PublishOA.ie, co-led by the Royal Irish Academy and Trinity College Dublin, is pleased to share a webinar which gives an introduction to different publishing platforms for books.
The webinar included demos from platform providers Coko Foundation (Ketida), Manifold, and The Public Knowledge Project’s Open Monograph Press (PKP/OMP), and is part of PublishOA.ie’s mission of evaluating the feasibility of establishing a national publishing platform in Ireland.
If you are involved in book publishing or curious about open source systems, this webinar will give you the opportunity to see different platforms in action and put questions directly to the teams involved. Each platform is presented, followed by a Q&A session.
– Ketida is produced by the Coko Foundation, a not-for-profit organisation whose aim is to use to use Open Source to transform how knowledge is created, improved, and shared.
– Manifold is a collaboration between the CUNY Graduate Center, the University of Minnesota Press, and Cast Iron Coding, and each group brings a unique perspective to the project: scholarship, publishing, and technology. It is 100 percent open source and free.
– PKP/OMP produces free, open source software to disseminate research and manage the entire scholarly publishing workflow from submission to indexing.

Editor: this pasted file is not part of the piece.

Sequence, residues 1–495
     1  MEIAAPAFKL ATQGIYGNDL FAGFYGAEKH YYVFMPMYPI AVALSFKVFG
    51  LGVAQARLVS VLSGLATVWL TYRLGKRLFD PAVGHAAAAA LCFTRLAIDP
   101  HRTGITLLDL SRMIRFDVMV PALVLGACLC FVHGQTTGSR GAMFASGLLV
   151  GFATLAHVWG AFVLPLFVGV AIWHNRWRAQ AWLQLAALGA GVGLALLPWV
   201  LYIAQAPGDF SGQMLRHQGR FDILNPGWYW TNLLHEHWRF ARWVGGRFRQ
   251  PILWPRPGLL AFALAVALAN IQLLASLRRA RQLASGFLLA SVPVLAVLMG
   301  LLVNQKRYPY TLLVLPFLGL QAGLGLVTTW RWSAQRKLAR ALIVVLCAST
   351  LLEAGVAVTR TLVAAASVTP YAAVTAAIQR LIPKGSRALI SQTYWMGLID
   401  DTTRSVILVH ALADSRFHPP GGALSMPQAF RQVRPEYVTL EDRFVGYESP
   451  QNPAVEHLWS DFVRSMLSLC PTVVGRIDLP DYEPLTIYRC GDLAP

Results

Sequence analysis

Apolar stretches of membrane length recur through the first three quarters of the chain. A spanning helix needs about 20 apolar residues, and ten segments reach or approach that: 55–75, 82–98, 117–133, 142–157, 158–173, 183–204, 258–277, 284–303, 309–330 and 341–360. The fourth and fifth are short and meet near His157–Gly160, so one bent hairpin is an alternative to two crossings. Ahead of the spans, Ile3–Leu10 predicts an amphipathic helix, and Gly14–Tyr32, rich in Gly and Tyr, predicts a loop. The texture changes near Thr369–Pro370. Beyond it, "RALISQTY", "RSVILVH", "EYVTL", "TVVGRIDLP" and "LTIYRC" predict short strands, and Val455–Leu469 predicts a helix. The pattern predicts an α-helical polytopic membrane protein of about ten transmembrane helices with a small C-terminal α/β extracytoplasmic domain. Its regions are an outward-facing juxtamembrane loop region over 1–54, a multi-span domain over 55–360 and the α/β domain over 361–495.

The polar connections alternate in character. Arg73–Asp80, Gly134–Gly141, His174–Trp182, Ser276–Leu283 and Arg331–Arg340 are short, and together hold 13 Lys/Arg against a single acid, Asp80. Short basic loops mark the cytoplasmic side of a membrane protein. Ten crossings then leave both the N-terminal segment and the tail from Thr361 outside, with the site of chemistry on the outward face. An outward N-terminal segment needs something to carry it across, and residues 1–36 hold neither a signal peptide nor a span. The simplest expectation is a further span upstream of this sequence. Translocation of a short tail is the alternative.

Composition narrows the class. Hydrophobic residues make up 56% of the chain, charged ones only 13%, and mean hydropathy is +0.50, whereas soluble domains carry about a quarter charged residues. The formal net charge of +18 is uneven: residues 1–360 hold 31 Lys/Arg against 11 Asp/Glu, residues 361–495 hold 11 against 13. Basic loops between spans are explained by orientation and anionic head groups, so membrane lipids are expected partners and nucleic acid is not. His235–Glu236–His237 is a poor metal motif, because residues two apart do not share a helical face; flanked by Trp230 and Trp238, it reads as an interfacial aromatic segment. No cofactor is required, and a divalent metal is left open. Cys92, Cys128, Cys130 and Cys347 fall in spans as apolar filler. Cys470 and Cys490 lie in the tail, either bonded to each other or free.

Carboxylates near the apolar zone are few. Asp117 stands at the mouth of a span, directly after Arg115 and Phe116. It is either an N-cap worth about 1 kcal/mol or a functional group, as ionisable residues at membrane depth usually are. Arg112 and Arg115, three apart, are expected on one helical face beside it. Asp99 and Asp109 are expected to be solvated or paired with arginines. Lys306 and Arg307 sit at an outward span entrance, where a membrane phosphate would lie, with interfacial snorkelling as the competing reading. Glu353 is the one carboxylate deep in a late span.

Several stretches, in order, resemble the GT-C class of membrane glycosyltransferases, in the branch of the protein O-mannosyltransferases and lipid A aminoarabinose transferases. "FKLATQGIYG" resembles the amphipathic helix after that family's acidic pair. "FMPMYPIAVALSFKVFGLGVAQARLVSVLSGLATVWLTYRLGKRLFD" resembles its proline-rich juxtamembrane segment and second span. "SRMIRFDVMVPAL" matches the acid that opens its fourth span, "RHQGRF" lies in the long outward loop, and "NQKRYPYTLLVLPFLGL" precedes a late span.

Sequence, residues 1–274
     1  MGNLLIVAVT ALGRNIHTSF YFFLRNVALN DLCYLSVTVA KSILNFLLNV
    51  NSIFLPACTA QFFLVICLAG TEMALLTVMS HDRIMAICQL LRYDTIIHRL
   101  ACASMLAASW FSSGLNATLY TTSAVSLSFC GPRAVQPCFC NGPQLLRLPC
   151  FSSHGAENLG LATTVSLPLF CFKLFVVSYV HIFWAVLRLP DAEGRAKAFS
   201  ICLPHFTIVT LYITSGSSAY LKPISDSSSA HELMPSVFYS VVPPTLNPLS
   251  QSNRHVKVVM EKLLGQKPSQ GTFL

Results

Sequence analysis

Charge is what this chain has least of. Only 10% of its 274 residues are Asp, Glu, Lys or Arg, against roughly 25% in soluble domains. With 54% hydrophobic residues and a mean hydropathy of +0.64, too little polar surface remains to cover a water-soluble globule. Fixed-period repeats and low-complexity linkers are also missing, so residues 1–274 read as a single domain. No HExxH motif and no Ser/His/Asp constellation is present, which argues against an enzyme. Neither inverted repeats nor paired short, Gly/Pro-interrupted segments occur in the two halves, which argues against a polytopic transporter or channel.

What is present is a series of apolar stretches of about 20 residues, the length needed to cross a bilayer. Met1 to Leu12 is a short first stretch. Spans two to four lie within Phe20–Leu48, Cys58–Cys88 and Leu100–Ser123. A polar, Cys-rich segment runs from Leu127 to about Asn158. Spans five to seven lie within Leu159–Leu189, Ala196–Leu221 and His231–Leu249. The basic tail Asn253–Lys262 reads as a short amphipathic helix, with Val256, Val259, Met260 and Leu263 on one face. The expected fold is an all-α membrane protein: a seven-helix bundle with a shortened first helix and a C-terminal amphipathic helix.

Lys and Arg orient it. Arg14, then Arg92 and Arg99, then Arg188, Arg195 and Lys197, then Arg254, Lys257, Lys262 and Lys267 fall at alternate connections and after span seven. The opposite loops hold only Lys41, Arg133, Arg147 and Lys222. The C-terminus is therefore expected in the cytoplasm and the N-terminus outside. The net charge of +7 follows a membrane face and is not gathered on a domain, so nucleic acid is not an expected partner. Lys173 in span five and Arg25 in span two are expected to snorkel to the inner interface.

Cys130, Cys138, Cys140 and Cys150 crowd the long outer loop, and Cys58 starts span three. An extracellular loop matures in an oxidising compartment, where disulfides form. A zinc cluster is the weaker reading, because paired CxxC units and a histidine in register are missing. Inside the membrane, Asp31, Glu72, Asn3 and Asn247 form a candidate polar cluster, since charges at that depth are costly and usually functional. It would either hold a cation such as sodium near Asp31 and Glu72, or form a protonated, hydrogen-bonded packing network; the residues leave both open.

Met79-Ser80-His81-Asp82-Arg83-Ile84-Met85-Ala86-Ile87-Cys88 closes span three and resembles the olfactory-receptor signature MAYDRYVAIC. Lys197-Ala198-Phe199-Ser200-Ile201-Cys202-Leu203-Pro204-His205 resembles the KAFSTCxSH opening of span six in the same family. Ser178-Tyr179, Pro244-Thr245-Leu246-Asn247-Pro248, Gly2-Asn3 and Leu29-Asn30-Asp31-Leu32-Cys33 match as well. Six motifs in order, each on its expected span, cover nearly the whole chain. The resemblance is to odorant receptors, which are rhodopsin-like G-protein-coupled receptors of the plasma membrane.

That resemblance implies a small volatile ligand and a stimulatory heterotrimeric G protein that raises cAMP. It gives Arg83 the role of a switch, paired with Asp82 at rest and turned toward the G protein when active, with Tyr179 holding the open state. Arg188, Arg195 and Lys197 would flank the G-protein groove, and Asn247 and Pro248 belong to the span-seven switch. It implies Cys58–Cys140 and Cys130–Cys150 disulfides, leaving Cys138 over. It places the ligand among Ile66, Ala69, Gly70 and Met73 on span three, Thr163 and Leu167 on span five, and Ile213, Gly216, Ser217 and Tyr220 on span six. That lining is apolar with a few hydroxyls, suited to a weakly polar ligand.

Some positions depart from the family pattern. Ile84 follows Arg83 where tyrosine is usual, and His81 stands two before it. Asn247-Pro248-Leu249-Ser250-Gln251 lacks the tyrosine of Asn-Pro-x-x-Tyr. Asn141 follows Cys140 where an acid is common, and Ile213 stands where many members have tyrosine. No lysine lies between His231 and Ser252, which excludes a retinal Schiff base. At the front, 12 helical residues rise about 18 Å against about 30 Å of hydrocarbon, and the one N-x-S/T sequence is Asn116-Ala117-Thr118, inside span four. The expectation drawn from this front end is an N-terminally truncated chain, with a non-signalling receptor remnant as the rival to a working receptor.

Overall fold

Academic publishing is facing a fundamental challenge – how do we find a fair, inclusive and sustainable way to open scholarship for all? We’re embarking on a new journey with Subscribe to Open (S2O), a tried and tested model that will help us flip 90% of our journals to open access over the next five years. We’re beyond proud to be the first major scholarly publisher to make S2O our highway to open access transformation. ? Join us in our mission to make academic content more accessible and equitable for all. Read about the DG2O journey here: https://www.degruyter.com/publishing/… S2O Community of Practice: https://subscribetoopencommunity.org/
“In October 2023 Karolinska Institutet University Library met with Björn Brembs, researcher and Professor of Neurogenetics, Institute of Zoology, Universität Regensburg in Germany. The interview is on the subject a future beyond traditional journals – replacing academic journals where Björn Brembs openly talks about his view on publishing and open access….”